Bisset, Charles

, an ingenious physician, was born at Glenalbert, near Dunkeld in Perthshire, Scotland, in 1717. After a course of medical studies at Edinburgh, he was appointed in 1740, second surgeon to the military hospital in Jamaica, and spent several years in the West India islands, and in admiral Yemen’s fleet, where he acquired a knowledge of the diseases of the torrid zone. Having in 1745, contracted a bad state of health at New Greenwich in Jamaica, he was under the necessity of resigning his place of second surgeon to the hospital, and returning to England. In May 1746, he purchased an ensigncy in the forty-second regiment, commanded by lord John Murray; and by this transition, his attention being turned from | medical pursuits to military affairs, fortification became his favourite study. After a fruitless descent on the coast of Brittany in France in September 1746, and passing a winter at Limerick in Ireland, they were, in the beginning of the next campaign, brought into action at Sandberg, near Hulst in Dutch Flanders, where one Dutch regiment and two English suffered very much. Here, having drawn a sketch of the enemy’s approaches, with the environs, and some time after, a pretty correct one of Bergen-op-Zoom, with the permanent lines, the environs, and the enemy’s first parallel, which were presented by lord John Murray to his royal highness the late duke of Cumberland, his highness ordered Mr. Bisset to attend the siege of that fortress, and give due attention daily to the progress of the attack, and to the defence, in order to take accurate journals of them. These journals, illustrated with plans, were delivered daily to lord John Murray, who forwarded them to the duke, by whose application to the duke of Montague, then master of the ordnance, Mr. Bisset received a warrant as engineer extraordinary in the brigade of engineers which was established to serve in the Low Countries during the war and he was also promoted to a lieutenancy in the army. The brigade of engineers being re-formed at the end of the war, and he being at the same time put upon the half-pay list as lieutenant, he continued to employ great part of his time in the study of fortification and in 1751, after visiting France, published his work “On the Theory and Construction of Fortifications,” 8vo, and some time after, being unemployed, he resumed the medical profession to which he had been originally destined, and retired to the village of Skelton, in Cleveland, Yorkshire, where, or in the vicinity, he ever after continued,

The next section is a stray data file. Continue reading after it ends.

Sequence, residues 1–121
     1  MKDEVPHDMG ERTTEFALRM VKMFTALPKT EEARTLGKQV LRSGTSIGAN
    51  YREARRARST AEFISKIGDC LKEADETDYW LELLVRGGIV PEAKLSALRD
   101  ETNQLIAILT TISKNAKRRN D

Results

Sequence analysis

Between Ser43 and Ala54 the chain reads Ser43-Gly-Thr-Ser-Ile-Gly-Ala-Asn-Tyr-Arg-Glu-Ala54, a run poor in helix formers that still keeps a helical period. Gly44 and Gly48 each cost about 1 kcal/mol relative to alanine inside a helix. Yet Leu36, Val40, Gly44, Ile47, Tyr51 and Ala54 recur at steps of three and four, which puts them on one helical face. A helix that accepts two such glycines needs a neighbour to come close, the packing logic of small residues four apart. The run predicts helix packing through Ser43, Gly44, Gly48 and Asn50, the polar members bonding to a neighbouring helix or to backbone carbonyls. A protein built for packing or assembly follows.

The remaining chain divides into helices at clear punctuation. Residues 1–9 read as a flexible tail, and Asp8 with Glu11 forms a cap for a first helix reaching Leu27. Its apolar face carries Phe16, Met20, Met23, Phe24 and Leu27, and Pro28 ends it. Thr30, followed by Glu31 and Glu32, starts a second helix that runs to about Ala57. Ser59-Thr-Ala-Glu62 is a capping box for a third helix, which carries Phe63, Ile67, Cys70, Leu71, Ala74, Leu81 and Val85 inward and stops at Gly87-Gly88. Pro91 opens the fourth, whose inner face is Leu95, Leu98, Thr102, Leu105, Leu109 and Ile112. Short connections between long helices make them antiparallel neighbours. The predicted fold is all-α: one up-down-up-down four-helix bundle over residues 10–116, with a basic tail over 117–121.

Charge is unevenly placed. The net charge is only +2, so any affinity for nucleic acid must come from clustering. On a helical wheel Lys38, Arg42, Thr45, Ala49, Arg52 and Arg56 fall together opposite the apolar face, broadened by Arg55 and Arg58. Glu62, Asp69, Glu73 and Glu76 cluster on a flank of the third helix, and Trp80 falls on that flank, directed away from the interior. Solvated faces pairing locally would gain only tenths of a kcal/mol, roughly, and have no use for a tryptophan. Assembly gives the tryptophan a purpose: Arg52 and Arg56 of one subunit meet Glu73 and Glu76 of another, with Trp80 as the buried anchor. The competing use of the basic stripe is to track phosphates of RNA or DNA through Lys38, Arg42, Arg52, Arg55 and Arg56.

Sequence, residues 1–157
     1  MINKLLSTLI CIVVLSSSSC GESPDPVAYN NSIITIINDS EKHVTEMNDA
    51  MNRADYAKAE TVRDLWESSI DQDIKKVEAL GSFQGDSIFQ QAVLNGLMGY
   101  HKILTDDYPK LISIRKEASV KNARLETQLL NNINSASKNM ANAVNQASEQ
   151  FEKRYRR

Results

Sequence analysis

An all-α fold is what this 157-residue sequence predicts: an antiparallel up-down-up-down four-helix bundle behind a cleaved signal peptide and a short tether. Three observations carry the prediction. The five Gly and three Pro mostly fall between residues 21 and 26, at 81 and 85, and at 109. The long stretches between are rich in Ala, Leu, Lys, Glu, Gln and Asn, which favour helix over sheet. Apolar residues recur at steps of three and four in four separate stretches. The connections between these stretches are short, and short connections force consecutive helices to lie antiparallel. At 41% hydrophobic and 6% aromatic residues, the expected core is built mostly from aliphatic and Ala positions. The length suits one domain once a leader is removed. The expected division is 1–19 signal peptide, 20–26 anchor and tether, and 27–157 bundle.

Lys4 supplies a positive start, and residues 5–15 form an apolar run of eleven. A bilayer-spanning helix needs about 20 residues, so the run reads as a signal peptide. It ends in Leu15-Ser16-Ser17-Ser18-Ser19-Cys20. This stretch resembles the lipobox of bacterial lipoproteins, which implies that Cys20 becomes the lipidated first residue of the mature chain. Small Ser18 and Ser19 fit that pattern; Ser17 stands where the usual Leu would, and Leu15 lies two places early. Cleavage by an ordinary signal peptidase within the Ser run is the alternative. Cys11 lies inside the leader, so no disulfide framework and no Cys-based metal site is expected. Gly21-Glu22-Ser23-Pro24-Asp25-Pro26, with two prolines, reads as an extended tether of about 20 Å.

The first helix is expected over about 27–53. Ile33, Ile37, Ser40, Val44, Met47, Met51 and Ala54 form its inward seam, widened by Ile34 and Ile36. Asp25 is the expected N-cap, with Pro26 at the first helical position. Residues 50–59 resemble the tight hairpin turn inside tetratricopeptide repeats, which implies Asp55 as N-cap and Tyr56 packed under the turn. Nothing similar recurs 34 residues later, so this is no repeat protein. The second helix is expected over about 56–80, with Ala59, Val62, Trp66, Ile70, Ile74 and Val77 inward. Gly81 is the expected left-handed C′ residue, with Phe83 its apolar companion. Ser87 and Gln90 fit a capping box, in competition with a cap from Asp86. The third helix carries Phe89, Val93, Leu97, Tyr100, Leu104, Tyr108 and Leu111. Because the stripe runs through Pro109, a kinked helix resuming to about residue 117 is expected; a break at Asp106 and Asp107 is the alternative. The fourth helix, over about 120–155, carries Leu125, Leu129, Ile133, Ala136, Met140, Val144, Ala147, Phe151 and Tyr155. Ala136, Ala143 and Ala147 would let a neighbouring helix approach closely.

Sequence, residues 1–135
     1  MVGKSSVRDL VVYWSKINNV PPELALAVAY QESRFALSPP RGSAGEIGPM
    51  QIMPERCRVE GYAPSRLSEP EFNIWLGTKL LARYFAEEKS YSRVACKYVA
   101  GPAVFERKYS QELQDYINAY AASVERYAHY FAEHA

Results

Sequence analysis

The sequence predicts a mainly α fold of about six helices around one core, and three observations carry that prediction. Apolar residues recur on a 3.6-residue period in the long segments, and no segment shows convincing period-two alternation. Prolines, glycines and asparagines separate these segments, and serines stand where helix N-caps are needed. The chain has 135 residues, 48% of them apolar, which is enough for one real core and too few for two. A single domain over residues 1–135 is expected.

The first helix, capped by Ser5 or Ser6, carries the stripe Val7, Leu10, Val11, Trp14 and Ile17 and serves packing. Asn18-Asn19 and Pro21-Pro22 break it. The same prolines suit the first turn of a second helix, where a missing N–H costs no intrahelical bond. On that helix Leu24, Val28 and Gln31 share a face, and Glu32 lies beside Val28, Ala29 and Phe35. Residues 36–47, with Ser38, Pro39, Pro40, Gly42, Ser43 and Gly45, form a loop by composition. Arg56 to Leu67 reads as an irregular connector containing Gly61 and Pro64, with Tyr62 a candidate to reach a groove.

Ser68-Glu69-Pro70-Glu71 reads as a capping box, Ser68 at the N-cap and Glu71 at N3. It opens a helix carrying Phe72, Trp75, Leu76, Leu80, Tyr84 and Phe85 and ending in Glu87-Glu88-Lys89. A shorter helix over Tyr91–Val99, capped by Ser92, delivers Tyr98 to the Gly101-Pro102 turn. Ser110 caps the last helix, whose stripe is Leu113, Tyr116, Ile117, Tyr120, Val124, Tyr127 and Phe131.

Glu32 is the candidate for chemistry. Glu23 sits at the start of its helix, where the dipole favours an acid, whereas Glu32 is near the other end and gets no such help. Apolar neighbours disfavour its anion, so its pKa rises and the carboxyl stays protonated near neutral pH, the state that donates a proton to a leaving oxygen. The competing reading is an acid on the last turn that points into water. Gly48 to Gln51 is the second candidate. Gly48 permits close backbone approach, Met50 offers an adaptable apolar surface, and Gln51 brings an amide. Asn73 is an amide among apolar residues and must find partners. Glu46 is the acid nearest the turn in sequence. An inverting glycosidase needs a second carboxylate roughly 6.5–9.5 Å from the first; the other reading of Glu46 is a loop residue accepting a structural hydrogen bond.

In 1755, when a French war was impending, he published a “Treatise on the Scurvy, with remarks on the cure of scorbutic ulcers,” 8vo, and in 1762, an “Essay on the Medical Constitution of Great Britain.” In 1,765 the university of St Andrew’s conferred upon him the degree of M. D. In 1766, he published a volume of “Medical Essays and Observations,” Newcastle, 8vo, containing various papers on the climate and diseases of the West Indies. A few years before his death, he deposited in the library of the infirmary at Leeds, a manuscript volume of 700 pages of medical observations j and presented a | treatise on fortification to his royal highness the prince of Wales. He published also a small tract on the naval art of war, which, with some political papers and Mss. in the possession of his widow, form the whole of his works published and unpublished. He died at Knayton, near Thirsk, in May 17il, in the seventy-fifth year of his age. 1

1

Gent. Mag. vol. LXI. pp. 588, 965.